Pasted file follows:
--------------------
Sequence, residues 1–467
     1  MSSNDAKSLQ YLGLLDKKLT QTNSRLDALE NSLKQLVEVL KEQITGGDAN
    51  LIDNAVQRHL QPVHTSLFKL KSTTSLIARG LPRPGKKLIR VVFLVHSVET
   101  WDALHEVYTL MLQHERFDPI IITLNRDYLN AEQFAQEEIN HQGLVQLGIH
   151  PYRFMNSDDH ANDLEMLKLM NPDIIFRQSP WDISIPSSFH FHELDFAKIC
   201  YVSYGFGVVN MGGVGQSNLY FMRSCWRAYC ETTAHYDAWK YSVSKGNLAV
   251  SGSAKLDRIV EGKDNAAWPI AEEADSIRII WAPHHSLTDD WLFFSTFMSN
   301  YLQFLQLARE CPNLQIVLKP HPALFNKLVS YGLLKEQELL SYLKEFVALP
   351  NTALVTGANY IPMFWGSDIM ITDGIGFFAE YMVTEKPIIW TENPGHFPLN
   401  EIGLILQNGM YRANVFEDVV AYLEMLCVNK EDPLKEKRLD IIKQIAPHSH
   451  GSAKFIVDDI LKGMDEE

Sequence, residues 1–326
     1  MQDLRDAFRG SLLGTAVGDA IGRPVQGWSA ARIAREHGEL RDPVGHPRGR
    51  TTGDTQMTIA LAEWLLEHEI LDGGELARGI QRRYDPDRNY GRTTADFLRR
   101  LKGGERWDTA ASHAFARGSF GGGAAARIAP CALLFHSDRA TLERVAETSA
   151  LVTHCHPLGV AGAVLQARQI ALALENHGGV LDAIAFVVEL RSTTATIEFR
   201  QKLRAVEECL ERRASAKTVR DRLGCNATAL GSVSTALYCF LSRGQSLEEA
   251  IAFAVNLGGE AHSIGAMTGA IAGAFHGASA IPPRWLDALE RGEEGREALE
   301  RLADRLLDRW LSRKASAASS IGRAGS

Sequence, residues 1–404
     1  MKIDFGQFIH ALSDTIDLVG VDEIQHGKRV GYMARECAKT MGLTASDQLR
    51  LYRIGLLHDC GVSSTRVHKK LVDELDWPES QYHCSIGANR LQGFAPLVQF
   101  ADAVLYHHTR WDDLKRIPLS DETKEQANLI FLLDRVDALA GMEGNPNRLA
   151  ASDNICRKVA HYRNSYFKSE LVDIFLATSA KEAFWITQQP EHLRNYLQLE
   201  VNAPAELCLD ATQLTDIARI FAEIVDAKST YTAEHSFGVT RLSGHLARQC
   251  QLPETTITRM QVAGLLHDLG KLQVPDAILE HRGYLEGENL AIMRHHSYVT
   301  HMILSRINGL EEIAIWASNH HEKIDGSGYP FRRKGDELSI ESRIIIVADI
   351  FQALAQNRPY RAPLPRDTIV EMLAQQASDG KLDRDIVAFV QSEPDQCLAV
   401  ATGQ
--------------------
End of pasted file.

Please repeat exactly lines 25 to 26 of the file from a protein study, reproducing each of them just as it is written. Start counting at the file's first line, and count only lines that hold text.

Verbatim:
   201  VNAPAELCLD ATQLTDIARI FAEIVDAKST YTAEHSFGVT RLSGHLARQC
   251  QLPETTITRM QVAGLLHDLG KLQVPDAILE HRGYLEGENL AIMRHHSYVT